The biology and natural history of prostate cancer is not completely understood. Rigorous evaluation of any prostate cancer screening modality is desirable because the natural history of the disease is variable, and appropriate treatment is not clearly defined. Although the prevalence of prostate cancer and preneoplastic lesions found at autopsy steadily increases for each decade of age, most of these lesions remain clinically undetected.[27] An autopsy study of white and Asian men also found an increase in occult prostate cancer with age, reaching nearly 60% in men older than 80 years. More than 50% of cancers in Asian men and 25% of cancers in white men had a Gleason score of 7 or greater, suggesting that Gleason score may be an imprecise indicator of clinically insignificant prostate cancer.[28]

There is an association between primary tumor volume and local extent of disease, progression, and survival.[29] A review of a large number of prostate cancers in radical prostatectomy, cystectomy, and autopsy specimens showed that capsular penetration, seminal vesicle invasion, and lymph node metastases were usually found only with tumors larger than 1.4 cc.[30] Furthermore, the semiquantitative histopathologic grading scheme proposed by Gleason is reasonably reproducible among pathologists and correlates with the incidence of nodal metastases and with patient survival in a number of reported studies.[31]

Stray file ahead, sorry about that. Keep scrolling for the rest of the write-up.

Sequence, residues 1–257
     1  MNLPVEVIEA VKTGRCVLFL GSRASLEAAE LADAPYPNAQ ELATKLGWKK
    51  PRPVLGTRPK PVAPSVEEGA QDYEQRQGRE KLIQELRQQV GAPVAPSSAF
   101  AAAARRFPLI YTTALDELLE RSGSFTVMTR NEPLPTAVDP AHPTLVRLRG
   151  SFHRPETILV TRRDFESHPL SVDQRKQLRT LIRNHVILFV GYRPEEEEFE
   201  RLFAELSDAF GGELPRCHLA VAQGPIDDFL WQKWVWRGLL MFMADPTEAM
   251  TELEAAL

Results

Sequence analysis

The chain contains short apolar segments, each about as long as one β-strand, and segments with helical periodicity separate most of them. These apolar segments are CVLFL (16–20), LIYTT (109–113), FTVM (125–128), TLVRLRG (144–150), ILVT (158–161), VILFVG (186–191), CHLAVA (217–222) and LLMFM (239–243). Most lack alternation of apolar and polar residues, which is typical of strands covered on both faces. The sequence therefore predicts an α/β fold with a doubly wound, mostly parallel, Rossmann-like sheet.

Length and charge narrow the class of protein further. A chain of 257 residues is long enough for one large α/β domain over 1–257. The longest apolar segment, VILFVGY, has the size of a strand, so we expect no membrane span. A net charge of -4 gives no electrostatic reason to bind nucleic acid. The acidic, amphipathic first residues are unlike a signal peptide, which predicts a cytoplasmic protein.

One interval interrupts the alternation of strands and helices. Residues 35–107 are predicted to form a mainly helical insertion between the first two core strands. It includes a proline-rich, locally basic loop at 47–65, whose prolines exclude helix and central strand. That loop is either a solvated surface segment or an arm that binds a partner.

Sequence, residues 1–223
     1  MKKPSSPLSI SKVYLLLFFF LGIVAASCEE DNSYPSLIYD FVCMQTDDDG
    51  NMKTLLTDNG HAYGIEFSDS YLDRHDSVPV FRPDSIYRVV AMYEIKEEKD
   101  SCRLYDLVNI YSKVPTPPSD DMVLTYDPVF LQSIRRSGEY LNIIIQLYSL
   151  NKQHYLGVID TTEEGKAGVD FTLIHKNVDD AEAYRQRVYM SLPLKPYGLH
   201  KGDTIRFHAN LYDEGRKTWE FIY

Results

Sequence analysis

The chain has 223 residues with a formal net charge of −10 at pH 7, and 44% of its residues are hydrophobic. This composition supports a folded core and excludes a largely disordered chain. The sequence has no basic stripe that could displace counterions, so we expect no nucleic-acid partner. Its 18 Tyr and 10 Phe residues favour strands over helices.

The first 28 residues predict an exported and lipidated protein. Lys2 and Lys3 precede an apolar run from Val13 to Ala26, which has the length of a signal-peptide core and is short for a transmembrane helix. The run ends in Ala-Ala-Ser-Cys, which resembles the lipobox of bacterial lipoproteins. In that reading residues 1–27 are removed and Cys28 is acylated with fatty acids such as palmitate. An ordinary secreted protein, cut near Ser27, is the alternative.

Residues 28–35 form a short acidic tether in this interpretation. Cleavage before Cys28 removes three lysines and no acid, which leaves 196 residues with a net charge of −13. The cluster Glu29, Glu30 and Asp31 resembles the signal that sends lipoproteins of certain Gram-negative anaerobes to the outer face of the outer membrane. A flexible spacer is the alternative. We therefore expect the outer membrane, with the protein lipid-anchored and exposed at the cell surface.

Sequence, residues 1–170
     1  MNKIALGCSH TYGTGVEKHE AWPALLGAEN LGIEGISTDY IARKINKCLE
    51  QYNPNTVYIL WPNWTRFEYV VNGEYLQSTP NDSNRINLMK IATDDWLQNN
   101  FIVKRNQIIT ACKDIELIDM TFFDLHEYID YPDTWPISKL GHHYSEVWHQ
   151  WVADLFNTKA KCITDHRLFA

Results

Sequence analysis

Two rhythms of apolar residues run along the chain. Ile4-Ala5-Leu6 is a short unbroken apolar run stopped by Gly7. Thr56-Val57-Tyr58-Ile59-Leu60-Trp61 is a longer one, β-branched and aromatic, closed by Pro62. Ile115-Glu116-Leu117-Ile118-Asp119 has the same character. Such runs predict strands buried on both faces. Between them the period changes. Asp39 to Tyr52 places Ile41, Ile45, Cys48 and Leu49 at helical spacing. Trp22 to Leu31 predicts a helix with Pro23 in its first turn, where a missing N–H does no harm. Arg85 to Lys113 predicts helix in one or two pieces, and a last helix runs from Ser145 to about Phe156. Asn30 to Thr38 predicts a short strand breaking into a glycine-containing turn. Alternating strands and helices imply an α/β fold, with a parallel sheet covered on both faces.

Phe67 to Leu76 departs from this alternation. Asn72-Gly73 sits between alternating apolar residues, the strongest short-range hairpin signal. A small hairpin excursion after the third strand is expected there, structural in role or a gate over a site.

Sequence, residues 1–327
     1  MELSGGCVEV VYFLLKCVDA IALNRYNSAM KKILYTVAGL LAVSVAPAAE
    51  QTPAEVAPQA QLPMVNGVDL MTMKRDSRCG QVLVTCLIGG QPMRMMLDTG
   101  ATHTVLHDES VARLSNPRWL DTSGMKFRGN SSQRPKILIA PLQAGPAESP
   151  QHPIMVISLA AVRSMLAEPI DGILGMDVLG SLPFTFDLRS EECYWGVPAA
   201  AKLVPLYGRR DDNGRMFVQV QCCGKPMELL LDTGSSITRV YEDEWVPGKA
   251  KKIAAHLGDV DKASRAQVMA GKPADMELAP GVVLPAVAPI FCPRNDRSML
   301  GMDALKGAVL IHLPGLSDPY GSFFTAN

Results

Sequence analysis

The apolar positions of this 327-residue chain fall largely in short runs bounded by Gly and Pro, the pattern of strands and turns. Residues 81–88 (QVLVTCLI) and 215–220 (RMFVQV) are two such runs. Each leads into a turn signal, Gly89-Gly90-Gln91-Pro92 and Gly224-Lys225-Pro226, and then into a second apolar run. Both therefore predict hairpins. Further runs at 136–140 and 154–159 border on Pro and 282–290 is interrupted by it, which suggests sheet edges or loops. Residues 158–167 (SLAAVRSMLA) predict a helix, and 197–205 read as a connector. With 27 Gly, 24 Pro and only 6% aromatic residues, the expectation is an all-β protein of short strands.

Cancer statistics from the American Cancer Society and the National Cancer Institute indicated that between 2002 and 2008, the proportion of disease diagnosed at a locoregional stage and at a distant stage was 93% and 4% for whites, compared with 91% and 6% for African Americans, respectively.[9] Stage distribution of prostate cancer is affected substantially by the intensity of early detection efforts.